(111)Indium-oxine labelling for evaluating the homing process of autologous osteoblasts implanted percutaneously in atrophic nonunion fractures.
; Bernard, Claire ; et al
in International Orthopaedics (2013), 37(1), 131-6
PURPOSE: The aim of the study was to control the in vivo localisation of implanted cells in cell-based therapies. Labelling cells with (111)indium-oxine is one of the most interesting methods proposed. We ... [more ▼]
PURPOSE: The aim of the study was to control the in vivo localisation of implanted cells in cell-based therapies. Labelling cells with (111)indium-oxine is one of the most interesting methods proposed. We evaluated this method in the setting of autologous osteoblast implantation in nonunion fractures. METHODS: An in vitro study of osteoblasts was conducted after (111)indium-oxine labelling. Radioactivity retention and viability, proliferation and the ability to produce alkaline phosphatase were evaluated in a seven-day culture. In vivo labelling of implanted osteoblastic cells was conducted during a therapeutic trial of atrophic nonunion fractures, with the leakage outside the nonunion site and local uptake evolution at four, 24 and 48 hour being studied. RESULTS: The mean labelling efficiency for osteoprogenitors was 78.8 +/- 4.6 %. The intracellular retention was 89.4 +/- 2.1 % at three hours and 67.3 +/- 4.7 % at 18 hours. The viability assessed at three hours was 93.7 +/- 0.6 %. After seven days of culture, morphology and alkaline phosphatase staining were similar for both labelled and unlabelled control cells, although the proliferation rate was decreased in the labelled cells. Some local intraosseous leakage was observed in four of 17 cases. All patients showed uptake at the injection site, with four having no other uptake. Four patients showed additional uptake in the bladder, liver and spleen, while 11 patients had additional uptake in the lungs in addition to the bladder, liver and spleen. The activity ratios (injection site/body) were 48 +/- 28 % at four hours, 40 +/- 25 % at 24 hours and 35 +/- 25 % at 48 hours. After correcting for decay, the activity within the injection site was 82 +/- 15 % at 24 hours and 69 +/- 11 % at 48 hours compared with the activity measured at four hours. No relationship was found between uptake and radiological bone repair. CONCLUSIONS: The (111)indium-oxine labelling appears to be a good method for monitoring the behaviour of the osteoblastic cells after their implantation in atrophic nonunion fractures. [less ▲]Detailed reference viewed: 66 (30 ULg)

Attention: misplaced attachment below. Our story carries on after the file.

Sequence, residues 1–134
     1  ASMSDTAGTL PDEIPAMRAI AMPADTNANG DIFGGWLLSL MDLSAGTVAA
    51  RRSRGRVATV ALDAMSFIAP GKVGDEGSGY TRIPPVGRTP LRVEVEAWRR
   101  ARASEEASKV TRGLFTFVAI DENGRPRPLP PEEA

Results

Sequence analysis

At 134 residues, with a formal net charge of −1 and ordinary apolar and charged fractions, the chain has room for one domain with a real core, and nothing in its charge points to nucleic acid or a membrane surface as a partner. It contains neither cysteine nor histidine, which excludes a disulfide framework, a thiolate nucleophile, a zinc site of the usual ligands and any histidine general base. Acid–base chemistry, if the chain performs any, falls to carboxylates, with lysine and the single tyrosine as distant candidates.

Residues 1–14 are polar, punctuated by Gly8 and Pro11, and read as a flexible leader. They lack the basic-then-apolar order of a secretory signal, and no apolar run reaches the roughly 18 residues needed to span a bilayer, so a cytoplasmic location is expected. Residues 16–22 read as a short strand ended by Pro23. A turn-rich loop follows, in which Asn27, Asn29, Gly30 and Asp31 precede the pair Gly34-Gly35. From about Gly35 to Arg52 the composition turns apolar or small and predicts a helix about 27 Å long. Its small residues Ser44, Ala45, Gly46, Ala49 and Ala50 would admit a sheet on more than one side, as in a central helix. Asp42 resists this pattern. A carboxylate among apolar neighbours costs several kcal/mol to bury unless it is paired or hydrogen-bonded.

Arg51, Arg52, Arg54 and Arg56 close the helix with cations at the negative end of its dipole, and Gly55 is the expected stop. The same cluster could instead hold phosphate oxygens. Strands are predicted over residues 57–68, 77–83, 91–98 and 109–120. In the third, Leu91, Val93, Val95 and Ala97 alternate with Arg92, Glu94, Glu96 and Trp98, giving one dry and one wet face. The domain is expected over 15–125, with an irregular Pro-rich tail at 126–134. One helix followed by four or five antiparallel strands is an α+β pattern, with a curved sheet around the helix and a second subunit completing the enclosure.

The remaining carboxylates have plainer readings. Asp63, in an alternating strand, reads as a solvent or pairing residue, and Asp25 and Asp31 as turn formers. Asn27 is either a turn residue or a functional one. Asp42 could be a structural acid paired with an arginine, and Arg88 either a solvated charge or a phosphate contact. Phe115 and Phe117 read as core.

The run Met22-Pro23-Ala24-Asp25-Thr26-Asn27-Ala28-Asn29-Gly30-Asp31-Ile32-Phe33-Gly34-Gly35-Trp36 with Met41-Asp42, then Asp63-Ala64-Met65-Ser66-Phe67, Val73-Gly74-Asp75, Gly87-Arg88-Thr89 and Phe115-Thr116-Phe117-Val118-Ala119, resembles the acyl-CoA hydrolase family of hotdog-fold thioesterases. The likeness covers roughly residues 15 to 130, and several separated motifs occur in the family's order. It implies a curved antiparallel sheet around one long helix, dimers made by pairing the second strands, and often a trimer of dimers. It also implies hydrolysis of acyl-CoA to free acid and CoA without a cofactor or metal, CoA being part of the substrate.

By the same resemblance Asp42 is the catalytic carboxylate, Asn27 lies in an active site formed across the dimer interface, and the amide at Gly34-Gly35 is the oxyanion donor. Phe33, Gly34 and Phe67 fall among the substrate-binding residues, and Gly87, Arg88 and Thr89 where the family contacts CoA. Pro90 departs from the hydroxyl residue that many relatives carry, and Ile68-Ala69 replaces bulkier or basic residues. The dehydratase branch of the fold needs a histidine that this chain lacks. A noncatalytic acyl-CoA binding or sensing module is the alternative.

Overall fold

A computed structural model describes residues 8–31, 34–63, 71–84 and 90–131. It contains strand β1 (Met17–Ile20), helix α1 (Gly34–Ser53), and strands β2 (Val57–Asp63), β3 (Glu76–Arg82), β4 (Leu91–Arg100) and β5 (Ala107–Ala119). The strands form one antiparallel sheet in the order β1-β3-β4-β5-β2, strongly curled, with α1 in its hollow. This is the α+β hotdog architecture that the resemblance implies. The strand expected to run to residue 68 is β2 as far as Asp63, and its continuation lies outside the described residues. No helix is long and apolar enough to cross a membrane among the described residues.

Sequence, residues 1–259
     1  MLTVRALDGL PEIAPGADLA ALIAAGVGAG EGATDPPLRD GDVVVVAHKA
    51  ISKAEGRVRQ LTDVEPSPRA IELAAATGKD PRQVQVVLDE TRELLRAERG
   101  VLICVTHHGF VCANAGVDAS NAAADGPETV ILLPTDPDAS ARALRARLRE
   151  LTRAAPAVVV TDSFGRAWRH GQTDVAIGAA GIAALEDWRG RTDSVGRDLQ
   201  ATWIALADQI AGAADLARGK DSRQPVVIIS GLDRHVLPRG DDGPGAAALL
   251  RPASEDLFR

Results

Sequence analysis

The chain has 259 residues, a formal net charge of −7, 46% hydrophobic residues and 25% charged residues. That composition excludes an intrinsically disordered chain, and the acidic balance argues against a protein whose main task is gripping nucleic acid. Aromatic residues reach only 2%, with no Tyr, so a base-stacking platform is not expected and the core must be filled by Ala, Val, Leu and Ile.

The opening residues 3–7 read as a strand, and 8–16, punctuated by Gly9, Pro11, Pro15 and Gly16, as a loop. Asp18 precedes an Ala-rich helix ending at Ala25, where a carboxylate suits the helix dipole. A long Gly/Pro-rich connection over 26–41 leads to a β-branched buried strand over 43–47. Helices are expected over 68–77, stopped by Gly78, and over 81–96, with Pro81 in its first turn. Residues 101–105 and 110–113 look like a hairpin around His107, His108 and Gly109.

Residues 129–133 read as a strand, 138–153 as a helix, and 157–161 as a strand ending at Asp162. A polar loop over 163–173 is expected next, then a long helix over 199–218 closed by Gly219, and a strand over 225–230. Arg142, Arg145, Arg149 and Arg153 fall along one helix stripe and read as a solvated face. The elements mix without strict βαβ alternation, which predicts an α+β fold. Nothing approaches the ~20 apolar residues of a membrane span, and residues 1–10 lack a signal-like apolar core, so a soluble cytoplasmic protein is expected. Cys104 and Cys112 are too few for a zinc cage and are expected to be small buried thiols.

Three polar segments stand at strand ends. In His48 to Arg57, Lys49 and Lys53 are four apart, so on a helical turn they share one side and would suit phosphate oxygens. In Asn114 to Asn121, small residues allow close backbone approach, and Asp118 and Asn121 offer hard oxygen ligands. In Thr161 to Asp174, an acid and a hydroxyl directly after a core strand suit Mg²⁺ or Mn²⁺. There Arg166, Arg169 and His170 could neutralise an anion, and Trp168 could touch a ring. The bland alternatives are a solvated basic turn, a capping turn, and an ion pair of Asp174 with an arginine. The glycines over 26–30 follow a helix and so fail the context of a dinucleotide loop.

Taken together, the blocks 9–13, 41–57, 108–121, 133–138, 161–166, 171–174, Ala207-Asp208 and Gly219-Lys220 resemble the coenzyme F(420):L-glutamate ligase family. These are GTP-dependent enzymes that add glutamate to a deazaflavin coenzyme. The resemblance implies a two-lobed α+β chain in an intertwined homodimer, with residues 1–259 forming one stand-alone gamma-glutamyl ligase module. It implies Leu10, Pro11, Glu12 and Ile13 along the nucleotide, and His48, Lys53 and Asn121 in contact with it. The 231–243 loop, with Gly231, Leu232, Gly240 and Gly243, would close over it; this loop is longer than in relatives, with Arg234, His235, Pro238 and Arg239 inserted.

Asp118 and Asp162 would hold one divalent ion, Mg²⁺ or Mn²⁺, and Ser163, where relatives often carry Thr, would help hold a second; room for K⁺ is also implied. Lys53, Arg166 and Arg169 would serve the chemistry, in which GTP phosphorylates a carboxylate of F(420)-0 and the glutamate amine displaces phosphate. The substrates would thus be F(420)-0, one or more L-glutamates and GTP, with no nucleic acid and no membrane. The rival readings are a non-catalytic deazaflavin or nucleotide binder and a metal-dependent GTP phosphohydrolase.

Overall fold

Prognostic value of FDG PET/CT in patients with hepatocellular carcinoma treated with liver transplantation.
; DETRY, Olivier ; BLETARD, Noëlla et al
in European Journal of Nuclear Medicine and Molecular Imaging (2013), 2013(SUPPL), 287Detailed reference viewed: 6 (2 ULg)
Imaging osteoarthritis using (18F)FPRGD2 PET/CT : observation and potential application.
WITHOFS, Nadia ; ALVAREZ MIEZENTSEVA, Victoria ; SIMONI, Paolo et al
in Journal of Nuclear Medicine (The) (2013), 54(SUPPL), 250Detailed reference viewed: 10 (3 ULg)
Prognostic value of FDG PET/CT in patients with lung tumors treated by Cyberknife.
LOVINFOSSE, Pierre ; JANVARY, Zsolt Levente ; JANSEN, Nicolas et al